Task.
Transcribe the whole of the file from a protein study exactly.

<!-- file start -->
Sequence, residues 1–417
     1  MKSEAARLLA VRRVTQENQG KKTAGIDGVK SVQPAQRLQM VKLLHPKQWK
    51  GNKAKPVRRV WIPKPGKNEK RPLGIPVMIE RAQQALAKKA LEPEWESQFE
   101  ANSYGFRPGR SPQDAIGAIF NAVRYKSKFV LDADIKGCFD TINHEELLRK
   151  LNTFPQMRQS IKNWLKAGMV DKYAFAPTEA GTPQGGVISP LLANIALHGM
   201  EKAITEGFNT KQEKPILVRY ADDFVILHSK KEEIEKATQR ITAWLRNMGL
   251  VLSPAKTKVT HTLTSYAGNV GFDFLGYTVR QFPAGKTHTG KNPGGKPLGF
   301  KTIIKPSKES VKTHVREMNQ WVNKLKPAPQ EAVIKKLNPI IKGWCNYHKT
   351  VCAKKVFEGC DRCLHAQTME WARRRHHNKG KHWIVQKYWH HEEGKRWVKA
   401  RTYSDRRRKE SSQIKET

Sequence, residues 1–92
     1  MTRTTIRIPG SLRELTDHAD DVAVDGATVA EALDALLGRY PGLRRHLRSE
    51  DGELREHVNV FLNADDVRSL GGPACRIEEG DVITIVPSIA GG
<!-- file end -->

Sequence, residues 1–417
     1  MKSEAARLLA VRRVTQENQG KKTAGIDGVK SVQPAQRLQM VKLLHPKQWK
    51  GNKAKPVRRV WIPKPGKNEK RPLGIPVMIE RAQQALAKKA LEPEWESQFE
   101  ANSYGFRPGR SPQDAIGAIF NAVRYKSKFV LDADIKGCFD TINHEELLRK
   151  LNTFPQMRQS IKNWLKAGMV DKYAFAPTEA GTPQGGVISP LLANIALHGM
   201  EKAITEGFNT KQEKPILVRY ADDFVILHSK KEEIEKATQR ITAWLRNMGL
   251  VLSPAKTKVT HTLTSYAGNV GFDFLGYTVR QFPAGKTHTG KNPGGKPLGF
   301  KTIIKPSKES VKTHVREMNQ WVNKLKPAPQ EAVIKKLNPI IKGWCNYHKT
   351  VCAKKVFEGC DRCLHAQTME WARRRHHNKG KHWIVQKYWH HEEGKRWVKA
   401  RTYSDRRRKE SSQIKET

Sequence, residues 1–92
     1  MTRTTIRIPG SLRELTDHAD DVAVDGATVA EALDALLGRY PGLRRHLRSE
    51  DGELREHVNV FLNADDVRSL GGPACRIEEG DVITIVPSIA GG